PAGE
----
Sustainability, the gourmet way

Ryan Chetiyawardana – Mr. Lyan to his devotees – was crowned the World’s Best Bartender in 2015. His sustainable ethos and signature flavors can also be found in Cub, his first restaurant. Our author takes a trip to London’s East End to sample the future.


Cub is half cocktail bar, half restaurant. Drive down London’s unassuming Hoxton Street, and it’s easy to miss: in fact, only the “Super Lyan” neon sign gives a clue that one of London’s hippest, most exciting dining experience beckons behind the unmarked door.

The interior with dining tables and a bar.
Cub: half cocktail bar, half restaurant.
Photo: Kim Lightbody

Keen to see what the hype is all about, I arrive a tad early. As I illicitly push open the door, I bump right into Mr. Lyan himself descending into his eponymous cocktail bar below, crate in hand. I apologize and wait until two minutes later, a cheerful Ozzie waitress declares the joint open, ushering me into the ground-floor restaurant, taking my coat.

The interior is stylishly minimalist, dotted with visual witticisms. There’s a large magnetic plate behind the bar to which a jug and an array of metal utensils stick, a conic flask straight out of a chemistry lab has been repurposed to serve as a decanter of beaujolais (with a large golden ball as a stopper), and heading to the restrooms, I find that the cubicle doors and flush-buttons are illustrated with whimsical doodles.

An artfully prepared dish.
Something to savor, something for the eye.
Photo: Kim Lightbody

Creative drinks – no antics

The layout is reminiscent of a diner: a row of seats lines the bar and kitchen counter, whereas most patrons sit in hip-height yellow-leather booths.

Ryan mans the bar next to an assistant chef, and if you didn’t know it, you’d have no idea that the bespectacled dude with the gentle smile is none other than the boss himself – no master-chef histrionics here, or crowd-pleasing bottle-juggling antics. Instead a comradely, industrious buzz emanates from the team, accompanied by an eclectic soundtrack of hip hop and jazzy grooves.

Doug McMaster and Ryan Chetiyawardana.
The faces behind Cub: Doug and Ryan.
Photo: Xavier Buendia Photography

I have opted for the food and drink menu, booze-free tonight: It’s an affordably-priced nine-course affair in which outlandish dishes alternate with strange and imaginative drinks, all bearing the signature of the restaurant’s founding team.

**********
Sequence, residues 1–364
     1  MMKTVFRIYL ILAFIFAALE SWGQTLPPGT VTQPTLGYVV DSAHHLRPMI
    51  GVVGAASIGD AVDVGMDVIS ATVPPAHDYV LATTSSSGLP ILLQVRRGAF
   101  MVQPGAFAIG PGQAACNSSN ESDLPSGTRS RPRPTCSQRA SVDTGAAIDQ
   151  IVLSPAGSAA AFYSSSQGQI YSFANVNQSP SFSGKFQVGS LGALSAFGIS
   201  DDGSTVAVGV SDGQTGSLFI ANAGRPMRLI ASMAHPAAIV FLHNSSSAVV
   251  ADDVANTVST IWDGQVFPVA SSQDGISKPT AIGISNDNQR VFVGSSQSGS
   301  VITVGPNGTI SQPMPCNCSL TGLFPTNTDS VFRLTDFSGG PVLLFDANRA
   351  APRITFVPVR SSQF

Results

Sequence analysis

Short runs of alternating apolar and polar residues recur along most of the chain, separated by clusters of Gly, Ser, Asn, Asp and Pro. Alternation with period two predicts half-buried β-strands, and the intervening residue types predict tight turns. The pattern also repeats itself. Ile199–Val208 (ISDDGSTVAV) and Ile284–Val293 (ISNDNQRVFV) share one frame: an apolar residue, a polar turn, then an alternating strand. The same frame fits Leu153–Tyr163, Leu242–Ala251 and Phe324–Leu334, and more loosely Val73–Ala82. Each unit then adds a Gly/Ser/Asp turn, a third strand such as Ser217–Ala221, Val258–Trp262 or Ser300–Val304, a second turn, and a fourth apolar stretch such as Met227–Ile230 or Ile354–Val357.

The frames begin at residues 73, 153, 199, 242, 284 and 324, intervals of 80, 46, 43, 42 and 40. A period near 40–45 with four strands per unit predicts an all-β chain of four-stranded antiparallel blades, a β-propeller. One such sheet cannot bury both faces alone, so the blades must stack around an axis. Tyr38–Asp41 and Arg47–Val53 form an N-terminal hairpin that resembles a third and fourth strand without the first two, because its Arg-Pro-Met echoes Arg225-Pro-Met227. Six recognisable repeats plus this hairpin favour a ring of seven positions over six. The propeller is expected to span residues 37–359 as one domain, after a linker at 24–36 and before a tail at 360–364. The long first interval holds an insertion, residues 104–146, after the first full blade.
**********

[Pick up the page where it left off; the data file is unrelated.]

Apart from Mr. Lyan, there’s chef Doug McMaster, the man behind Brighton’s zero waste restaurantSilo.

I start with a Superfly: a melon-based, slightly fizzy cocktail with jasmine and olive oil. At the bottom of the high-stemmed glass is a jellied capsule full of flavor that explodes in an entertaining final flourish. Over the next two hours, I am treated to a succession of textures and flavors that surprise and expand my culinary vocabulary with unlikely combinations.

Almost veggie

Paying homage to the zero-waste, sustainable ethos, the almost-veggie menu makes use of “volatile cheeses” that would normally have been thrown away, whey – a by-product of making cheese – citrus husks discarded by Super Lyan, “ugly gooseberries” and feta made by a Greek family in North London.

Pink longdrink with an ice cube and a walnut.
One of the creations of Cub’s cocktail bar.
Photo: Kim Lightbody

The team at Cub combine this with honest-to-God staples such as the most delicious home-made bread and home-made butter. The chicken broth is made from discarded chicken bones and – by some unknown magic – combined with seaweed-flavor. Who knew that such odd bedfellows could create such a pleasing result?

From chervil root that usually lands in the bin to tender Apple slices frozen and then thawed for a baked texture (having been immersed in a vitamin C bath), the list of novel ingredients is ever-changing. On the drinks-side, the highlight must be a delicate palate cleanser made of white tea with plum, followed by an absolutely delicious Square Mile coffee, translucent, dark caramel in color.

If modern art could be ingested, it would look and taste like this – not surprising, perhaps, as Ryan once studied at London’s prestigious Central Saint Martin’s art college.

Dish with tomato and radish.
Diverse and exciting: the almost-vegetarian menu.
Photo: Kim Lightbody

Sustainability without sacrifice

The final, delicious praline – made of molasses from leftover bits of fruit – leaves me both sated and enthused. “Sustainable living doesn’t have to be about sacrifice,” says Ryan, “and luxury doesn’t have to be about waste.” In creating a daringly new dining and drinking experience, the team around him has more than lived up to this vision.

A dining booth at Cub with benches and table.
Fine dining with diner looks.
Photo: Kim Lightbody

Gone are the days when a good conscience came at the expense of enjoyment – when sustainable products were, in some way, inferior. Cub is the embodiment of new, solution-oriented thinking, a new approach to luxury.

Click here for more information on Cub.

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